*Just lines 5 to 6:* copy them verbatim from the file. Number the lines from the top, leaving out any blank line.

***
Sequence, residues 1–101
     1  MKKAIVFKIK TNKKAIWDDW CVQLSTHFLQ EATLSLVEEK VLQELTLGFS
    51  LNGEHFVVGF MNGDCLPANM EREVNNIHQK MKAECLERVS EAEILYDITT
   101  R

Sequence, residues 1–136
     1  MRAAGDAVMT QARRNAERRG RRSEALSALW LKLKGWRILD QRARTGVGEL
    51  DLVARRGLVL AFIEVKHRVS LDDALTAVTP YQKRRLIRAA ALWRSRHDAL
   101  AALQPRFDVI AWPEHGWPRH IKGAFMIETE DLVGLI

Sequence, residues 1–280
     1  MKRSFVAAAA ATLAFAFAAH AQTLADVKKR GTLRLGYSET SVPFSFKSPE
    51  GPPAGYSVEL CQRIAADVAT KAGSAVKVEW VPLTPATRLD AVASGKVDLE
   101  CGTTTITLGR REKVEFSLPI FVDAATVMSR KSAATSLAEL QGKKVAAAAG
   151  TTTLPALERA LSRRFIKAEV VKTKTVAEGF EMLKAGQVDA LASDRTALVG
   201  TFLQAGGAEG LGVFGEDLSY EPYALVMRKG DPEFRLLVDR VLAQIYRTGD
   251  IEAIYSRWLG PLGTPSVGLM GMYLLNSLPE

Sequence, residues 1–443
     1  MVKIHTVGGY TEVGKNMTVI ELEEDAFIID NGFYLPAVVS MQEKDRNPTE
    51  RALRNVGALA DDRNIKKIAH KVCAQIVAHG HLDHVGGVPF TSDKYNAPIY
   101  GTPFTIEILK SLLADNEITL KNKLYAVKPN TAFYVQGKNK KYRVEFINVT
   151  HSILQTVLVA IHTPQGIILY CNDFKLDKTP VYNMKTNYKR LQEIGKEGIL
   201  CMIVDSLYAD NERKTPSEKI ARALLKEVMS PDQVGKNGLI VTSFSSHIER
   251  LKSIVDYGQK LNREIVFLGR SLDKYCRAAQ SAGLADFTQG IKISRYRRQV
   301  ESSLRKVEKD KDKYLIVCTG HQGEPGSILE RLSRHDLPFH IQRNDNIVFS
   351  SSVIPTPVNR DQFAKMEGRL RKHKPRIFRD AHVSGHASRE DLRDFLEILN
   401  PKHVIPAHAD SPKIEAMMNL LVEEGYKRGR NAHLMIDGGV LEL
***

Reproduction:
Sequence, residues 1–136
     1  MRAAGDAVMT QARRNAERRG RRSEALSALW LKLKGWRILD QRARTGVGEL